We’ve all had the experience of being put down. Of being made to feel as if we don’t matter. But the truth is otherwise. In Parshas Bamidbar every Jew is counted. Every Jew matters. Hashem adores each of us as if we were His only child. For a father, there is no such thing as a child who does not count. For Hashem, there is no such thing as a Jew who does not matter. For Hashem, every Jew is big and beloved. Every Jew is important. Reb Levi Yizchok Horowitz, the Bostoner Rebbe, zt”l, remarked to me, “Every Jew has a story to tell.” And as Rav Michal Twerski, the Hornisteipel-Milwaukee Rebbe, shlita, told me, “There is nothing pashut, simple, about a pashuter, simplistic, Yid.” Every Jew is unique and interesting and should be made to feel important, because he or she is important.
Reb Shlomke of Zvhil was known to create Eis Ratzon, auspicious moments for prayers to be heard and answered, by allowing himself to be ridiculed and mocked and not answering back. Along these lines, the story is told of a woman who was insulted, and before she had the opportunity to answer back, the woman standing next to her, who was childless, said, “Quickly. Daven that I should have a child.” The insulted woman, taken by surprise, did as the childless woman requested. Her prayers were answered and within the year the barren woman gave birth to a healthy child. We too can turn hurt feelings and wounded egos into auspicious times to daven for others and for ourselves.
A patient once called Dr. Avraham Twerksi at two o’clock in the morning. She was besides herself. Her emotionally abusive husband had berated her for being a terrible mother and wife. Dr. Twerski cut her off saying, “Excuse me, but I need you to know that the scar you have running the length of your face is terribly ugly and offensive to me.” There was silence followed by, “Dr. Twerski, I don’t know what you’re talking about. I don’t have any scars on my face.” Dr. Twerski asked, “That being the case, did my comment hurt your feelings?” She said, “I didn’t have my feelings hurt because your comment wasn’t true.” “So too,” observed Dr. Twerski, “your husband’s comments are as false as my comment. His words hurt you because you allow yourself to believe them.” When working at a recovery center for alcoholics I told my clients, “At first you were beat up by others, from them you learned to beat up yourself. Now stop beating yourself up, you don’t deserve it. You’re a good person and God loves you.”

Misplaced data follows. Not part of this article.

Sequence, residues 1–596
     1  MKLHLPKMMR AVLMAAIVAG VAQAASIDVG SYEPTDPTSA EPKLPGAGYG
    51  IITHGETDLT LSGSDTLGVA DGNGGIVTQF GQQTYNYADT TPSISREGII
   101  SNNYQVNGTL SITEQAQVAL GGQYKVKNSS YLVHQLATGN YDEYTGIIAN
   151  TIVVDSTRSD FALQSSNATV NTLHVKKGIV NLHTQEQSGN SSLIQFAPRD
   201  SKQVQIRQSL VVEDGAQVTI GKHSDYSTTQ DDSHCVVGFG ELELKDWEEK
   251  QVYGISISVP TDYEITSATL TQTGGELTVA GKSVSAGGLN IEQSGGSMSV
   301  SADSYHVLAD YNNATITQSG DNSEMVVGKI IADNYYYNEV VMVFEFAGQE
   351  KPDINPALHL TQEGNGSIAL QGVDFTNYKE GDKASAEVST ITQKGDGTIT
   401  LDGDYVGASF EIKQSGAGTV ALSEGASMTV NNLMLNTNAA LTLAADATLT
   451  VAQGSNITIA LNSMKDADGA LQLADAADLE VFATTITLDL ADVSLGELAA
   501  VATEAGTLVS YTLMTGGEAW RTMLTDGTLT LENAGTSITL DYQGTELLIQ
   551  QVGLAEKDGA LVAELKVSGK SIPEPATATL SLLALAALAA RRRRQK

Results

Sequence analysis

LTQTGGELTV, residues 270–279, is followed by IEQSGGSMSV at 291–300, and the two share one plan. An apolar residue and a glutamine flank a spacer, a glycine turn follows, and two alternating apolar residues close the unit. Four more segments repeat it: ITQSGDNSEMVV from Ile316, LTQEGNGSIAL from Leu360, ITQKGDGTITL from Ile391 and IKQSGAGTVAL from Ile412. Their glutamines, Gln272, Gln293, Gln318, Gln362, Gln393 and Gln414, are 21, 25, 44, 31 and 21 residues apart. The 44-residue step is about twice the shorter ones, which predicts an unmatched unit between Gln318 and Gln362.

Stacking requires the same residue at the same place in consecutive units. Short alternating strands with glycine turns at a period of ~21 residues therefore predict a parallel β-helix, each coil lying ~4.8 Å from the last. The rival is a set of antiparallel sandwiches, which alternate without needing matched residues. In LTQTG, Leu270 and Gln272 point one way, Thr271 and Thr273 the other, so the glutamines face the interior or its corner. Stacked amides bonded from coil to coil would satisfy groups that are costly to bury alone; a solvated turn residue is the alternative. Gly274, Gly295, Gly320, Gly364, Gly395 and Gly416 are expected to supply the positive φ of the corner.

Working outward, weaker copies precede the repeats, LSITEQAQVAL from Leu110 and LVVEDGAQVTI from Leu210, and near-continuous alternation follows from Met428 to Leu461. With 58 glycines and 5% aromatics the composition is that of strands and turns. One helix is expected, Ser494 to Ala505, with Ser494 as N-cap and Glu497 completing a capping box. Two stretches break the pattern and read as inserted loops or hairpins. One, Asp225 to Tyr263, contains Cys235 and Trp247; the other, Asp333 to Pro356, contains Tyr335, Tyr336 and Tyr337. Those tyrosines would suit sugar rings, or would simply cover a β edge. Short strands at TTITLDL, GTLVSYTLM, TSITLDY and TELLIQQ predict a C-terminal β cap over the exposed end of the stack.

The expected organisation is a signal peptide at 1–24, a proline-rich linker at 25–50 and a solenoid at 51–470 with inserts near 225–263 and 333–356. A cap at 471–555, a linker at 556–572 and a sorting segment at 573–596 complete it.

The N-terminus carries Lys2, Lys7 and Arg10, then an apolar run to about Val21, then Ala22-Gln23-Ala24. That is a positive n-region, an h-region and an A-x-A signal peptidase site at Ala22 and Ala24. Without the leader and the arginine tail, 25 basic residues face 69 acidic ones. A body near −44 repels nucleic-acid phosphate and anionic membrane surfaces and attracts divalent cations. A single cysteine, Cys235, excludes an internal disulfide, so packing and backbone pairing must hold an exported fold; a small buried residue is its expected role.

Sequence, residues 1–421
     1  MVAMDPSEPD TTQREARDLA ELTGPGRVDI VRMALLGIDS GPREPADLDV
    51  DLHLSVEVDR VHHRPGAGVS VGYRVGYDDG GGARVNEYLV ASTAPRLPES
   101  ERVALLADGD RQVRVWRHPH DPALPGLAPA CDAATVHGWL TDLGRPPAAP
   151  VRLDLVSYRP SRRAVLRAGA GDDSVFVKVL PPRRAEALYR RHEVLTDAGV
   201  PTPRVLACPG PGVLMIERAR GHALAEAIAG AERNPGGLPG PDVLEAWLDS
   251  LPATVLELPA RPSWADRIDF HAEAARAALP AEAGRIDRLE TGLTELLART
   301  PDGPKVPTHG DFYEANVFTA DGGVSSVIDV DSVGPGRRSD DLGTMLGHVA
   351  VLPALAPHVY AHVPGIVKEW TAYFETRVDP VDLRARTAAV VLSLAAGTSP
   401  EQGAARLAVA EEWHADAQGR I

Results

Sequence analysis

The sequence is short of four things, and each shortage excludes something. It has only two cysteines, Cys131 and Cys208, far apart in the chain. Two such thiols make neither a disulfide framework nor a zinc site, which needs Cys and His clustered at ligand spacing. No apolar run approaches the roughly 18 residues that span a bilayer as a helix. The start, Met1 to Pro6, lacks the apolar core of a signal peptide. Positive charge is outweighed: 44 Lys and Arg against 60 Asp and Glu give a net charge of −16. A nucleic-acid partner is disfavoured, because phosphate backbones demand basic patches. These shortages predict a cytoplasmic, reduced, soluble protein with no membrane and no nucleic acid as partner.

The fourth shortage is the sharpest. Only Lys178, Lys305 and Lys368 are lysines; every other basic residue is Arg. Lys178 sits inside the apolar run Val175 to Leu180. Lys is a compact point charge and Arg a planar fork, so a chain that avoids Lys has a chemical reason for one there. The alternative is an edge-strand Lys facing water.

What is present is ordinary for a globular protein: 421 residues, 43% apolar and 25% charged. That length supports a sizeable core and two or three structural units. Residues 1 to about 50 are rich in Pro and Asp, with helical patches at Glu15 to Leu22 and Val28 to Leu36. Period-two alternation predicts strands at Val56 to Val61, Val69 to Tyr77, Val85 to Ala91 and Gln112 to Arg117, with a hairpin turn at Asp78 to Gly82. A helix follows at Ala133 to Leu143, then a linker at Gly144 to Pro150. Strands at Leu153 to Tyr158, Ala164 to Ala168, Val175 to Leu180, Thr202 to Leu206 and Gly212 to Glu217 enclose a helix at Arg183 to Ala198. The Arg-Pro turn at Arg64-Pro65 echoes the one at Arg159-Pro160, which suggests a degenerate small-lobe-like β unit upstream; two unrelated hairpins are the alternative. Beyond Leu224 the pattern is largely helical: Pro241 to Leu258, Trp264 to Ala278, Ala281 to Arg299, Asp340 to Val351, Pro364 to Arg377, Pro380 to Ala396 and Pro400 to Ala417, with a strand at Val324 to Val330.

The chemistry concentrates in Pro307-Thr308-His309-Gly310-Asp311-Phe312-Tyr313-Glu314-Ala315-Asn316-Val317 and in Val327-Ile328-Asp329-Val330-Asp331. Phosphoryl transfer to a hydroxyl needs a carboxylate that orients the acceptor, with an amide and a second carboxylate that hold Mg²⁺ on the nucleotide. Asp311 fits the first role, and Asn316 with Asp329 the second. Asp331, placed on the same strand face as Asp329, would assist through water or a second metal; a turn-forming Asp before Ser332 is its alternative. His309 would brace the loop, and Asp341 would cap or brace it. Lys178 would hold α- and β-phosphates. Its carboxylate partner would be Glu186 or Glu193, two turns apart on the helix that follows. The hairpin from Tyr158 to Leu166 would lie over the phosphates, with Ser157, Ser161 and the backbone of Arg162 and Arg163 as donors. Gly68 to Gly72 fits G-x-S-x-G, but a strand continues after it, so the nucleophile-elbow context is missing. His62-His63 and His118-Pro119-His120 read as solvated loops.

We are valued by the tzaddikim, and, more so, by Hashem. When circumstances and words have us feeling pitiful, small, and unfortunate, whether because of an employer’s rebuke, a failed business, an unsuccessful shidduch, or the hurtful words of a child or spouse, we must know that we matter to Hashem. He counts every one of us. He thinks highly of us, and He wants us to think highly of ourselves. He wants us to recognize ourselves as bodies containing a spark of Elokus, a spark of Godliness. It is a privilege to be a Jew and it is a privilege Hashem found us worthy of. Rather than telling Hashem how big our problems are; we should tell our problems, and our pains, how big Hashem is, and, as Jews, how big we are. He counts each of us because we’re worth it! Hashem is proud of us; we should be proud of ourselves!!